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Monday, March 24, 2014

Residents Fight to Save the City That Isn't There

Residents Fight to Save the City That Isn't There

An article in USA Today, featuring Tucker, its long history, its active community and its battle against the Forces of Evil, represented by the LCA and the proposed City of Lakeside, may it rest in peace.

The main article can be found HERE.

Kathy Powell, treasurer and co-founder of the Tucker Historical Society, on Main Street in Tucker, Ga. "The few times that cityhood had been discussed in the past, it just seemed that Tucker was able to get everything accomplished that the leadership wanted to do without being an incorporated city," she says. Michael A. Schwarz, USA TODAY

Tucker High School at the end of Main Street, home to the Tucker Tigers, state champions in AAAA football in 2008 and 2011. Unincorporated Tucker got swept into the 'new cities fever' rolling across metro Atlanta when nearby communities proposed borders for their envisioned cities that would gobble up chunks of Tucker.  Michael A. Schwarz, USA TODAY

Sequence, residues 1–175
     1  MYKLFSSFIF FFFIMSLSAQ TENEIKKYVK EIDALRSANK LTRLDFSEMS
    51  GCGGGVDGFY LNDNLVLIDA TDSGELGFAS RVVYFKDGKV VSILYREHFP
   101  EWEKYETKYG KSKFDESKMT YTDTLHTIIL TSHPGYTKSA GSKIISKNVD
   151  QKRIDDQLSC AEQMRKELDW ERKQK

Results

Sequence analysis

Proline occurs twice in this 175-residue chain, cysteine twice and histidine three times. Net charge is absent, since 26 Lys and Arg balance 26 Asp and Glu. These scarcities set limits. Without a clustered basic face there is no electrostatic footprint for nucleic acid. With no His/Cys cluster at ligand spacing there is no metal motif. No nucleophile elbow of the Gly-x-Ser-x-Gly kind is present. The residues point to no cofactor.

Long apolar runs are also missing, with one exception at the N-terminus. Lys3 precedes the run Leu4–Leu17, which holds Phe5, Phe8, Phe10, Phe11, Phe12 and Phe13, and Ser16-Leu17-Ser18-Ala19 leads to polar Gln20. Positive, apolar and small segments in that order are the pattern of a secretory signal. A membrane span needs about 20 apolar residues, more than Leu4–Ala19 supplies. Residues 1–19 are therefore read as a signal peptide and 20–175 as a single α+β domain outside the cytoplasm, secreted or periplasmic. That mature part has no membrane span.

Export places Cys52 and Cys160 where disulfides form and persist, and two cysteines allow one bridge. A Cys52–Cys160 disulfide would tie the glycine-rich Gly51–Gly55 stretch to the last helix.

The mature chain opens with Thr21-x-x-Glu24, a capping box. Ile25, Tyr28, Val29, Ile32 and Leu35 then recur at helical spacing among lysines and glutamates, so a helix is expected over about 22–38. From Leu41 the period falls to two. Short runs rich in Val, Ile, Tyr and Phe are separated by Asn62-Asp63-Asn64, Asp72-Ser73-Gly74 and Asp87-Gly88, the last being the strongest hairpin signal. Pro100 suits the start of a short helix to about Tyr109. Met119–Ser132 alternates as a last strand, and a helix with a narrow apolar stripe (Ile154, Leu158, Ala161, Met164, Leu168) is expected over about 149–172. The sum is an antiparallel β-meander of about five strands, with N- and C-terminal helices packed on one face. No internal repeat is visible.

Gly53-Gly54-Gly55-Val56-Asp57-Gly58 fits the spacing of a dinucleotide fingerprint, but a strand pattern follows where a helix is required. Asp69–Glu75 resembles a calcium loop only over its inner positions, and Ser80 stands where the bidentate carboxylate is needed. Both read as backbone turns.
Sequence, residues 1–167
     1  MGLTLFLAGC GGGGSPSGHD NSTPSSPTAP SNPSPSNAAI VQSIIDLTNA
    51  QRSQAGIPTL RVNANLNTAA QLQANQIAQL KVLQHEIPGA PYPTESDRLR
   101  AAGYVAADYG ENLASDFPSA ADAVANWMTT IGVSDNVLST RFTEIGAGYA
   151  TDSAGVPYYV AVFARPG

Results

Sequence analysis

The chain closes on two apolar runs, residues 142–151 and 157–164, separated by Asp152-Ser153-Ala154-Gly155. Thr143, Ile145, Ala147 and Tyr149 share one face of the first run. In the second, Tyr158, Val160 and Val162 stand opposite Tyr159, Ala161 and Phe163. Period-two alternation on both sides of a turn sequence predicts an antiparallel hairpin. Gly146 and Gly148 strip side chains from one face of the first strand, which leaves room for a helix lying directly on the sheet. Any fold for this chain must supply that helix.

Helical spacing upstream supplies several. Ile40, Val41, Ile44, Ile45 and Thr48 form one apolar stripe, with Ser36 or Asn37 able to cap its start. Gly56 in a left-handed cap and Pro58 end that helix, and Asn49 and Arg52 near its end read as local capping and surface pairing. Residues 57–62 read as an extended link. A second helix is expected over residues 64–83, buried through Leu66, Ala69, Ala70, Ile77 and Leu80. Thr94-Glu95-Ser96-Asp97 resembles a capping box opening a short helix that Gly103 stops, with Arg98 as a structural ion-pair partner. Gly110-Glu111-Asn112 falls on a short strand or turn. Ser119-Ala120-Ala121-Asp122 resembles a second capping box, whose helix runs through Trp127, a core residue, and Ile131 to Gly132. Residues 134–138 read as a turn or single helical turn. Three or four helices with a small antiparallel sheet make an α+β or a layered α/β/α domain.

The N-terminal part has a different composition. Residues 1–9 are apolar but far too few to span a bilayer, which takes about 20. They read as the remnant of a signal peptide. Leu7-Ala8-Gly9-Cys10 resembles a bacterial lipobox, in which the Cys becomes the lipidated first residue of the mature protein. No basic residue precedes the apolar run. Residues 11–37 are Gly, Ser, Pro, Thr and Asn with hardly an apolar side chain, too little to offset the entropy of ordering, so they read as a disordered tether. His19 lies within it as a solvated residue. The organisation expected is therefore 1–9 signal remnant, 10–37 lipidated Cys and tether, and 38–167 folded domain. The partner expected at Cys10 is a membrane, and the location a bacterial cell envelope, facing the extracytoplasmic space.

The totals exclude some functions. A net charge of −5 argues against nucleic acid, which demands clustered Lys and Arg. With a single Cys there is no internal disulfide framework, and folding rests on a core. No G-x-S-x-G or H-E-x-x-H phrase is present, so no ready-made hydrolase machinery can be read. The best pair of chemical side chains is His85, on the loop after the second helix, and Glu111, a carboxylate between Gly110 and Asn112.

One of four graves of Revolutionary War veterans at Old Fellowship Primitive Baptist Church in Tucker, Ga. When new cities are formed in unincorporated areas of a county, they often snatch away the highest taxpayers.  Michael A. Schwarz, USA TODAY

Browning Courthouse in Tucker, circa 1860.  Michael A. Schwarz, USA TODAY

Main Street in Tucker, Ga. Tucker has a downtown and generally agreed upon borders, so it has a chance of becoming a city.  Michael A. Schwarz, USA TODAY

Gail Pinckney, owner of The Yellow Llama on Main Street, holds a Tucker High School T-shirt for sale in her store. The Tucker High School girls' basketball team recently won its first-ever State Championship. Michael A. Schwarz, USA TODAY

Michael Greene, left, third-generation owner of Matthews Cafeteria on Main Street in Tucker, talks with longtime customer Todd Eason, who also works in Tucker.  Michael A. Schwarz, USA TODAY

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